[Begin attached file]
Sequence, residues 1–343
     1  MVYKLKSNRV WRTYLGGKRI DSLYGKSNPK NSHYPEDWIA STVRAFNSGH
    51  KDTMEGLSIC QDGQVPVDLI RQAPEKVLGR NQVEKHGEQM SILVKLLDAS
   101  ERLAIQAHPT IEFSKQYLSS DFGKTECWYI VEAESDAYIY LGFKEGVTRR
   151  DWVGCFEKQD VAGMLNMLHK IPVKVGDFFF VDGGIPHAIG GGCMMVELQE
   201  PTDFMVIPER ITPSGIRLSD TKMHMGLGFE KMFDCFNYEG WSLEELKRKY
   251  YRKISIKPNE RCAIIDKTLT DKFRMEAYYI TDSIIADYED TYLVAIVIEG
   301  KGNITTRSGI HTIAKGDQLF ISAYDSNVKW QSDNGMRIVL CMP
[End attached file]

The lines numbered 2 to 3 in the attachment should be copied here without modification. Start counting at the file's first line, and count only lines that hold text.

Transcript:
     1  MVYKLKSNRV WRTYLGGKRI DSLYGKSNPK NSHYPEDWIA STVRAFNSGH
    51  KDTMEGLSIC QDGQVPVDLI RQAPEKVLGR NQVEKHGEQM SILVKLLDAS